You would think touch spells would be fairly straightforward: You cast a spell, you touch someone or several someones, and effects occur. Unfortunately, the touch spell rules contain the following fatal clause (PFRPG Core Rulebook pg. 213, "Range"):
Some touch spells allow you to touch multiple targets. You can touch up to 6 willing targets as part of the casting, but all targets of the spell must be touched in the same round that you finish casting the spell. If the spell allows you to touch targets over multiple rounds, touching 6 creatures is a full-round action.
The problem is that a lot of spells include effects that simply don't work under the rules above. Chill touch is the classic example (PFRPG Core Rulebook pg. 255):
A touch from your hand, which glows with blue energy, disrupts the life force of living creatures. [...] You can use this melee touch attack up to one time per level.
A tenth-level caster who happens to have six willing targets (for chill touch, mind) would be allowed to affect them all as part of casting. But if he has seven willing targets, he still would only be able to affect six targets because that's the most he can affect in one round and he's not allowed to use his extra uses of chill touch next round.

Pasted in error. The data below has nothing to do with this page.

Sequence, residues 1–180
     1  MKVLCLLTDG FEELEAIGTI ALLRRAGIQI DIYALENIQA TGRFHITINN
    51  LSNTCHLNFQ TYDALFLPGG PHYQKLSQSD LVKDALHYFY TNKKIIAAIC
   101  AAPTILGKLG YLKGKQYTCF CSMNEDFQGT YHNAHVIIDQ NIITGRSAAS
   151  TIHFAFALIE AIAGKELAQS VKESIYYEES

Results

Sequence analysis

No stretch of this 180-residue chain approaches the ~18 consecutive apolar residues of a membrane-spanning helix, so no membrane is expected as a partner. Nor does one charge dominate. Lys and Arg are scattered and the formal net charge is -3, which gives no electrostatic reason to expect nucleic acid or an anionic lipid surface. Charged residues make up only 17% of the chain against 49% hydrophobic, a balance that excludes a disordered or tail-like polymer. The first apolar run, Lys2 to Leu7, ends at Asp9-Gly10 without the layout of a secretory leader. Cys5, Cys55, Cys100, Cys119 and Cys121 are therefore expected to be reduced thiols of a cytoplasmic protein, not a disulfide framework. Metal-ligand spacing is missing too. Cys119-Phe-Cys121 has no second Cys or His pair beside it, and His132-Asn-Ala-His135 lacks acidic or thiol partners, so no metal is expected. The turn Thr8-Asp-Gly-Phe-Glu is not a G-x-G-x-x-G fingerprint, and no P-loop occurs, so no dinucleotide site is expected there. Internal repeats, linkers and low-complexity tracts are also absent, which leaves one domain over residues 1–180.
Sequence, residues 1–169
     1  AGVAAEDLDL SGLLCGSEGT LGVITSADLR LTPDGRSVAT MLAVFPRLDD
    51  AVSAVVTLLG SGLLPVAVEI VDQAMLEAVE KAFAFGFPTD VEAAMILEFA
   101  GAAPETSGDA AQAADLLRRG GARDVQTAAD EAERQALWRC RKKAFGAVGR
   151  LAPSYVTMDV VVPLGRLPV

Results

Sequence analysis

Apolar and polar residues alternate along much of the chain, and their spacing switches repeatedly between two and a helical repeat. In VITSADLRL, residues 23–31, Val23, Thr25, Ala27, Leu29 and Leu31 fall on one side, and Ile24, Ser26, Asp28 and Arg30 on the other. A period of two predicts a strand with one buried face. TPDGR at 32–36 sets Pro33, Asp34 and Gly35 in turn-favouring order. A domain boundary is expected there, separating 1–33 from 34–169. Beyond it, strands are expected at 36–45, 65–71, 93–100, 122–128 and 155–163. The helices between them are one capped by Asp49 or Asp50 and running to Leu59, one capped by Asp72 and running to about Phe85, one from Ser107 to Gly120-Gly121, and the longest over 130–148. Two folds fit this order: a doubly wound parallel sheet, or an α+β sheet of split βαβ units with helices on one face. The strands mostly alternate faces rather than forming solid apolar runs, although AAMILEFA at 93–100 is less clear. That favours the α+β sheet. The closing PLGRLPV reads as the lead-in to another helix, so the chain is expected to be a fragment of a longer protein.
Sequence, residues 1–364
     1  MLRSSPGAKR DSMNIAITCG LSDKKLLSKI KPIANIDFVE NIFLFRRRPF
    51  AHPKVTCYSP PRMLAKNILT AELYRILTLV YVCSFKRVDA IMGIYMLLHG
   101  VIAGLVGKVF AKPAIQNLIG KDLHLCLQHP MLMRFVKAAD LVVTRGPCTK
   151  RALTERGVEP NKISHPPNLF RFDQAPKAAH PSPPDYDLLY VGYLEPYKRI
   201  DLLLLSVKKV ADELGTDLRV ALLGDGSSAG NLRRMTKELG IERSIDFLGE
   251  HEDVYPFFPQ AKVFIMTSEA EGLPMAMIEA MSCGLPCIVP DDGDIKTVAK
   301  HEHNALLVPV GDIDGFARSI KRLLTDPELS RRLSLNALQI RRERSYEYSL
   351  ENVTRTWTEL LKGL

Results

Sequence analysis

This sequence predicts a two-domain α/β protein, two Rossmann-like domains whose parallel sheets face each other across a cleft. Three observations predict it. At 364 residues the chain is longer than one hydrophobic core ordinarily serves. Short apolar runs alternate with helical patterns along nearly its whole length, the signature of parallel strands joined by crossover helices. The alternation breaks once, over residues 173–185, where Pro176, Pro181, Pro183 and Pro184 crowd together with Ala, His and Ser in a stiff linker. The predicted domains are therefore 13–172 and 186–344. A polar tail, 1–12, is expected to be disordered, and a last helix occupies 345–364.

Worse, if his targets aren't willing (this is, after all, chill touch), the RAW allow him to affect exactly one target, the one free touch attack he gets as part of casting the spell. The spell allows multiple touches, but makes no provision about spreading those touches out across additional rounds. So the "1 touch attack per level" language is completely wasted.
(Note that the situation would be very different if chill touch had a range of "personal" and gave the caster a touch attack. None of the touch spell rules would apply and so it would actually be a spell consistent with the rules.)
Hide from animals has the same problem as chill touch applied to willing targets: It nominally allows you to target CL creatures. But because of the need to touch all the targets during the round of casting and the limit on the number of creatures touched, it might as well read "Target: one creature touched/level, maximum six creatures".
It seems pretty obvious that none of these results are intended. My question, really, is about the design intent of the "touched in the same round" language. I can't come up with a scenario where it does anything positive for the game. As far as I can tell, we would be strictly better off without it and without any of the scenarios above having to be seriously contemplated in order to understand how a 1st level spell works.